Though I find you very intimidating, I must also add that your writings and ideas have aided me enormously and have drawn me closer to God. Indeed, you have been a very effective instrument of His will, and a very clear signpost pointing towards God to so many people. Some of my friends even consider you as their closest spiritual companion, and I know a couple of them who have entered Carmel, so moved by your life and intimacy with Jesus Christ.

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Poet Spotlight: T. S. Eliot

Garrett introduces the poet T.S. Eliot, in preparation for an upcoming article.

For my upcoming Ash Wednesday reflection for this blog, I decided to write a little meditation on T.S. Eliot’s poem Ash-Wednesday, for reasons I’m sure are not difficult to guess. However, as I prayed and prepared my points for that particular article, it struck me that Eliot was a much more complex writer than I initially realized. This made it harder to expound upon his work than I experienced with Chesterton. Whereas Chesterton’s language was relatively straightforward, Eliot’s writing twists and turns wildly, making for a much more confusing read. With this in mind, I decided to write this little piece to ‘introduce’ Eliot to you readers, and explain also why his writing can speak to a Christian, or at least, to me.

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Silence of the Lord

Greg reflects on the movie Silence and talks about trusting in God’s promise in the silence.

“Lord, why are you silent?”

If you have watched Silence (directed by Martin Scorsese and released in 2017 in Singapore), you know of this question asked by Fr Rodriguez in his despair during his time in Japan. And I daresay this question has often been asked, though often not with these exact words.

“Why do you not answer my prayers, Lord?”

“Why can’t I hear you?”

“Why didn’t you save me from this suffering?”

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Letter to Pope John XXIII

Chris writes a letter to Pope John XXIII — a Saint whom he finds very jolly and jovial (with a very important lesson to teach!)

“Consult not your fears but your hopes and your dreams. Think not about your frustrations, but about your unfulfilled potential. Concern yourself not with what you tried and failed in, but with what it is still possible for you to do.”  – Pope John XXIII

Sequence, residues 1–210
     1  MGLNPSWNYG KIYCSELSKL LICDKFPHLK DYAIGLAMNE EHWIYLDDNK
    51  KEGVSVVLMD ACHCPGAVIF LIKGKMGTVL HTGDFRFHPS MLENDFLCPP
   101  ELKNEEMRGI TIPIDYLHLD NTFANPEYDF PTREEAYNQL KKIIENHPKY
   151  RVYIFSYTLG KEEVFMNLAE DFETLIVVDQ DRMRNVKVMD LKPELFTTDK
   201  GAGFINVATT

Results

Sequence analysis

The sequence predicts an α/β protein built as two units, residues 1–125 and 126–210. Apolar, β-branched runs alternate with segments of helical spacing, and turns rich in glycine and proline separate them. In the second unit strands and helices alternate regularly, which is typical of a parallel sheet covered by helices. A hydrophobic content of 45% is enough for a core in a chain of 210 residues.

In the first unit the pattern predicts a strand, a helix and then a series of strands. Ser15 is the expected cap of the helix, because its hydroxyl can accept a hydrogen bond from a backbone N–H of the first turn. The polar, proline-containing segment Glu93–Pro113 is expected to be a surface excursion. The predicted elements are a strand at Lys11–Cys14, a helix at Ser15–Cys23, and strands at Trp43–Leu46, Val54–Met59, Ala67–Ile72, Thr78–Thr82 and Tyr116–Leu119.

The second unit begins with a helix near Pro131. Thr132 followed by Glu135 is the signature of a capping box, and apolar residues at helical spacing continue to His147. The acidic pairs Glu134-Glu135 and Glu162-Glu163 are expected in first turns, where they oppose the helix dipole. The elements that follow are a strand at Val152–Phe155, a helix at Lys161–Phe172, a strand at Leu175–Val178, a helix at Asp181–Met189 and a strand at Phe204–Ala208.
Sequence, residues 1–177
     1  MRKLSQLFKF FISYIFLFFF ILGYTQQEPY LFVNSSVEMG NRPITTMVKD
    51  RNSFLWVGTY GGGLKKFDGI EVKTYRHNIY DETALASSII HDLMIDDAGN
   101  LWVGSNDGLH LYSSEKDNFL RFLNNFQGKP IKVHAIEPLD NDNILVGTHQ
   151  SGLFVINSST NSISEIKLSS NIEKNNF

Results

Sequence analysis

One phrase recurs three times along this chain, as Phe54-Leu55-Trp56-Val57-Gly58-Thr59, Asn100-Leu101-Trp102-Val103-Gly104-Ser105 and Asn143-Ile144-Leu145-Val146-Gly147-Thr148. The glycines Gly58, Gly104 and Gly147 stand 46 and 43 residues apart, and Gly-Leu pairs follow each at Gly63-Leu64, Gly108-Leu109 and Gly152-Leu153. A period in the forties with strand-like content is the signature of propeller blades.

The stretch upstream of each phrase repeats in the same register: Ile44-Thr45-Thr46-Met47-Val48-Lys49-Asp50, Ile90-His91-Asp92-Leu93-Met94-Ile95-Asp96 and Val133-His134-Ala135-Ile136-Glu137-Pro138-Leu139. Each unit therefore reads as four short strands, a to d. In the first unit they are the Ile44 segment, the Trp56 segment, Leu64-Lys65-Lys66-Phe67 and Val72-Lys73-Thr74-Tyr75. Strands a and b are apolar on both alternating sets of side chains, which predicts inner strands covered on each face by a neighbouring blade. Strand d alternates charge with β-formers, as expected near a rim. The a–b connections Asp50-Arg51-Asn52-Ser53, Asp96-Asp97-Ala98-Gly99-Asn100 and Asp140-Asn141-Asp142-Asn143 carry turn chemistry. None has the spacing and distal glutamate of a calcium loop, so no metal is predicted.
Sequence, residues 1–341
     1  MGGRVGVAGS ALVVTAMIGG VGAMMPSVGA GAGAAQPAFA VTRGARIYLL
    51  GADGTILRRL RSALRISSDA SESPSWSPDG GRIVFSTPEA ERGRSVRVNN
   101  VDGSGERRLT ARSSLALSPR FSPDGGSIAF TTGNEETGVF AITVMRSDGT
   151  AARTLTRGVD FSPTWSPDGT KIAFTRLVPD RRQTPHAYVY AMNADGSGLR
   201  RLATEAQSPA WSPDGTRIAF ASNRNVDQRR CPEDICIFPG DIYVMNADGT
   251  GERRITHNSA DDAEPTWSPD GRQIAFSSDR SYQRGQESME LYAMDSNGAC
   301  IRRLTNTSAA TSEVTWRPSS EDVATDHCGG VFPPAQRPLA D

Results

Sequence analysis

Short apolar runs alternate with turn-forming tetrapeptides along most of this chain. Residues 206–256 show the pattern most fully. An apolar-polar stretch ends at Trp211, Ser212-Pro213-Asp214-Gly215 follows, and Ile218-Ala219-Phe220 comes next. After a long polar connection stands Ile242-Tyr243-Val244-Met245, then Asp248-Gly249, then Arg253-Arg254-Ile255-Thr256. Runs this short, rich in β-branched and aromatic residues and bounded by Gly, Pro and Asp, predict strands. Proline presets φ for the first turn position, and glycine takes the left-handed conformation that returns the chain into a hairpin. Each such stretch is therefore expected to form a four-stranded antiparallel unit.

Dear Pope John XXIII,

Congratulations on your recent canonisation four years ago! I hope that all’s well with you in Heaven and that you’re enjoying yourself immensely with the communion of saints as well as the perpetuation adoration of our Lord, God and master, Jesus Christ.

I must be honest: I write to you today not because I have loads to share with you nor do I have any particular prayer intention that require your assistance. Pope John XXIII you must forgive me: I hardly know you and only just read about you the other day whilst completing the book The Ascent of Mount Carmel: Saint John of the Cross Reflections by Friar Marc Foley, OCD. That being said, after chancing upon one of your quotes and reflecting on it deeper in prayer, I must say that I felt a stirring in my heart to get to know you better. I will share your quote momentarily but before that, I just want to say that I’m moved by how light-hearted you seem to be. Reading up on you has allowed me to get a better sense of who you are. Yet, most – if not all – of the quotes that I’ve read about you seem to paint you as an exceptionally jovial and joyful person. Pope John XXIII, your personality speaks to the depth of my heart simply because you don’t take yourself too seriously; you seem to exude a distinctive childlike aura that I find deeply alluring – one that painfully reminds me just how “adult” I’ve grown to become.